Hansen responded to weeks of criticism of the players and coach Ian Foster during a NZ radio interview on Thursday.

“They’ve come out and aired all their dirty washing in the front part of the property rather than out the back,” Hansen said of recent reviews into Foster and former Black Ferns coach Glenn Moore.

“So their job is to run it with strength and leadership but in a way that you’re going to look after the people that work for you.

“Otherwise, you’ll end up with a high turnover of staff which I think that they’re having at the moment.

“The relationship between the board and the exec and players at the moment is probably the worst it’s ever been.”

Hansen said the relationship has been fraying for several years.

“The way they handled the new money scheme….[former chairman] Brent Impey came out and just absolutely roasted the players with no consultation,” Hansen said, referring to the decision to bring PE firm Silver Lake on board.

”I don’t think they’re doing their job right at the moment. You’ve got a group of eight All Blacks captains coming out and forming a group and went and spoke to them, and ‘Kirky’ [David Kirk] is in the paper the other day saying they don’t felt they got listened to.

”So let’s start there and let’s get that right. If you look back to when we were really successful from about 2010 through to 2019, which was our most successful era, the board and the exec at the rugby union were humming.

”There was complete togetherness and connection was with the actual All Blacks team.”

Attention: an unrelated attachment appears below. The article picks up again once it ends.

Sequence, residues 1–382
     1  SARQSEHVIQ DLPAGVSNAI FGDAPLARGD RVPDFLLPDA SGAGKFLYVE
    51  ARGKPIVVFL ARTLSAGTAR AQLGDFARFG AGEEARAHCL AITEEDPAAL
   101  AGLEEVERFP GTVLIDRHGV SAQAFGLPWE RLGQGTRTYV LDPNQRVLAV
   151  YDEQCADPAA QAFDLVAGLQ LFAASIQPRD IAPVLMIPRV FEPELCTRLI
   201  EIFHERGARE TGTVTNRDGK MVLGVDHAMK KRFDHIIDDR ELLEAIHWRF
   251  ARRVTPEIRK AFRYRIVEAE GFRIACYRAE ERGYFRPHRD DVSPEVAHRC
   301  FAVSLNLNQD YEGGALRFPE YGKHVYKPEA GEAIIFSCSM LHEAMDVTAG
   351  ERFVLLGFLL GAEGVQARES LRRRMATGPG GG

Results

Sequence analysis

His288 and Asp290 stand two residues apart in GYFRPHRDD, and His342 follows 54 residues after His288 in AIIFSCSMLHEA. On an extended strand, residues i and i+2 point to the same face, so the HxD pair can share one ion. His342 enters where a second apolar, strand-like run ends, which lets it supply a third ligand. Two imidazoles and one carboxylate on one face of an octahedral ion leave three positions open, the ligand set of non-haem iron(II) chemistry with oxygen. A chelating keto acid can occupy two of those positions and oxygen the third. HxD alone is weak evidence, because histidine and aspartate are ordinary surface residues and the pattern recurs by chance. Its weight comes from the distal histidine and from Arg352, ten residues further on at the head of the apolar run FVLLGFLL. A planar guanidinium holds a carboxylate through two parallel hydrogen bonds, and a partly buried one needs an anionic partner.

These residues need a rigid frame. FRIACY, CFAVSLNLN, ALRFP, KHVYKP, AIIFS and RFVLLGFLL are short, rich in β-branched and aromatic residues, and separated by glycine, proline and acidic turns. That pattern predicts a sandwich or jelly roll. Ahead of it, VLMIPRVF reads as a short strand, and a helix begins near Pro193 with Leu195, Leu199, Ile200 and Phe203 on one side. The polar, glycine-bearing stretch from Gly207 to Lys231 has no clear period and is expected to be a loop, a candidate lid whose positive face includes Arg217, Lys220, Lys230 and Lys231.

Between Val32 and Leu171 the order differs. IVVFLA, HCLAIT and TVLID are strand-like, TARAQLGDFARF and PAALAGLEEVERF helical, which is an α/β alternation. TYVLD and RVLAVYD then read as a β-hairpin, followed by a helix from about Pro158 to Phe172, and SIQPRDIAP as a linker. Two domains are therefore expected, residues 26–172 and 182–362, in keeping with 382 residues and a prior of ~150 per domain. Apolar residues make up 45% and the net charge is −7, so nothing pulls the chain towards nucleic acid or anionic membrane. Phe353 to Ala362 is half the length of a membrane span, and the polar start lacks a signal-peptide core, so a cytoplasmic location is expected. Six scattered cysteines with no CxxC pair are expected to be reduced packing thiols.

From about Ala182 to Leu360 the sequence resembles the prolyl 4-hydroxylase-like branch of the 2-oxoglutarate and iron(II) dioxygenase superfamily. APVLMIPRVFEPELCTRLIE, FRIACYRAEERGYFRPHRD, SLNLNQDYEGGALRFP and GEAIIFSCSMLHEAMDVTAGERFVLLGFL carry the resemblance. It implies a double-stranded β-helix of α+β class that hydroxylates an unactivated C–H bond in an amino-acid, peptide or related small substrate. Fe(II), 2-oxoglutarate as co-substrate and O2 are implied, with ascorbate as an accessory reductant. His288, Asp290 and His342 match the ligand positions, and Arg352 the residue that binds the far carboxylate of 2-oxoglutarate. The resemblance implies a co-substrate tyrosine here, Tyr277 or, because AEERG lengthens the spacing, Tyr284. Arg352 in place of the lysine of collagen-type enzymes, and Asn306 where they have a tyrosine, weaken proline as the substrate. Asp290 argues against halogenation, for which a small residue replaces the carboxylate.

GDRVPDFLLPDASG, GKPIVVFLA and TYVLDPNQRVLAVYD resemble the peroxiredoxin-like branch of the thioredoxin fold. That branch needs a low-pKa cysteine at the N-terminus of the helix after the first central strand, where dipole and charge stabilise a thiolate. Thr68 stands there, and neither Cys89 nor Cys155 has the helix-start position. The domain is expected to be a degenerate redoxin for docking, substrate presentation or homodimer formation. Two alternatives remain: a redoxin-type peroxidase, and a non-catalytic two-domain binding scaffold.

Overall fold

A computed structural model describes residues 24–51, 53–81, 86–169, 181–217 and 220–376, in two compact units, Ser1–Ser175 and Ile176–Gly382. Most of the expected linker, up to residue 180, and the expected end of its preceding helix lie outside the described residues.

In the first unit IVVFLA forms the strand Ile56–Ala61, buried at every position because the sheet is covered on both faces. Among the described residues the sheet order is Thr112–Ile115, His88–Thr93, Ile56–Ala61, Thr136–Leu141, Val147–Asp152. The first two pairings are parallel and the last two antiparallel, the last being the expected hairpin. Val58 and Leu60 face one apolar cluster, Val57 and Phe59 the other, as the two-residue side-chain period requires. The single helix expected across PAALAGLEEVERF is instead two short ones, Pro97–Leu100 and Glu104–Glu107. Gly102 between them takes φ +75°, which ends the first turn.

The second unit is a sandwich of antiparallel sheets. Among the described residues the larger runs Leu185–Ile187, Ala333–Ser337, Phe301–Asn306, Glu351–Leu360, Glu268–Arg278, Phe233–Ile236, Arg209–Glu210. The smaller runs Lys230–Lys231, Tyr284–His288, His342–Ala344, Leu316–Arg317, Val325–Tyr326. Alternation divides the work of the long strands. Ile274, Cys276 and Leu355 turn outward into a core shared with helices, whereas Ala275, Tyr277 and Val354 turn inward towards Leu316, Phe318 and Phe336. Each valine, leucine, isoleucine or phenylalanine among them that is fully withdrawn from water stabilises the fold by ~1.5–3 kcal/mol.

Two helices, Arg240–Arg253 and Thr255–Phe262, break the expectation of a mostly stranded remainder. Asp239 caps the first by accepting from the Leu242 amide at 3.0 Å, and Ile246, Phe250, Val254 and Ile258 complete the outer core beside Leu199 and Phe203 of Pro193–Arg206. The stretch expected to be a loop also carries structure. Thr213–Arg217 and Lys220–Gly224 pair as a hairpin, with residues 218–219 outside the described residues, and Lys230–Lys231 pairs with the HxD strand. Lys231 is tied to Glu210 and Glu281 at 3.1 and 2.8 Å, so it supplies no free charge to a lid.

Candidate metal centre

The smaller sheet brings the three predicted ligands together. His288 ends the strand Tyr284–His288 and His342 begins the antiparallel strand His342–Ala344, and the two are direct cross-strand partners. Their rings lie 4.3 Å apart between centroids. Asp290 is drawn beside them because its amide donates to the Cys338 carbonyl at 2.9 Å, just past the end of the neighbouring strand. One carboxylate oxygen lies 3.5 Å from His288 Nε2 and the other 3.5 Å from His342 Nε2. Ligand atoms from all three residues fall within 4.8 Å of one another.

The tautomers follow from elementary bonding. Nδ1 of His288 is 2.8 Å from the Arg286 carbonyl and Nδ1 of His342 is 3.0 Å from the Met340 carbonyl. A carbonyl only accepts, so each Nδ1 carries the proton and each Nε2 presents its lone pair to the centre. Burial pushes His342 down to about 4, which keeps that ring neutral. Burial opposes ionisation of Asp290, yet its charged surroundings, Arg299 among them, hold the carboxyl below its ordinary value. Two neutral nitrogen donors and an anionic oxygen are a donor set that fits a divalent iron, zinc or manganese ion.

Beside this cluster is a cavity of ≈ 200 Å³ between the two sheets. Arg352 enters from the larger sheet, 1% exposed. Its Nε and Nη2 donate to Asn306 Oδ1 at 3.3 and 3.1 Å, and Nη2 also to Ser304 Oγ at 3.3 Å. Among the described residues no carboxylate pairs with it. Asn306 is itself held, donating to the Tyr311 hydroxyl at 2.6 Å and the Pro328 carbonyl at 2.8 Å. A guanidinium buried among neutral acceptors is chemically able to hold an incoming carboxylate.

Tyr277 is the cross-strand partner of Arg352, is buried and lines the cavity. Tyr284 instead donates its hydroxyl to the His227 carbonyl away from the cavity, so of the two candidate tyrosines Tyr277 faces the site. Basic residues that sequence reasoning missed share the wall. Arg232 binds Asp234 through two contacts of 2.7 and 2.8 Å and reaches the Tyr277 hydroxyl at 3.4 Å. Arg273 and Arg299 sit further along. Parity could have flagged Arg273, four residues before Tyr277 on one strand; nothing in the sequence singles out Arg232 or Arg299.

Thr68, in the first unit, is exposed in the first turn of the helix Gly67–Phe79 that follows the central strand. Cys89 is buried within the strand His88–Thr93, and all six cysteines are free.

TRC persists with 20 minute red

SANZAAR has confirmed it will be continuing with the 20-minute red card during The Rugby Championship, despite obvious opposition to it from World Rugby.

The recent north vs. south series were played under the laws that a red card meant a team lost a player for the duration of the match – as happened with Darcy Swain in Perth.

But SANZAAR said it would continue the law trial conducted throughout Super Rugby competitions in 2020, 2021 and 2022 as well as The Rugby Championship in 2021. 

SANZAAR CEO Brendan Morris said in a statement: “This is a great decision for The Rugby Championship and follows on from its application in Super Rugby. All the SANZAAR national unions – Argentina, Australia, New Zealand and South Africa –  are fully behind the extension of the red-card law trail. As a group we firmly believe the integrity of international matches is very important and that wherever possible matches must be a contest of fifteen versus fifteen.”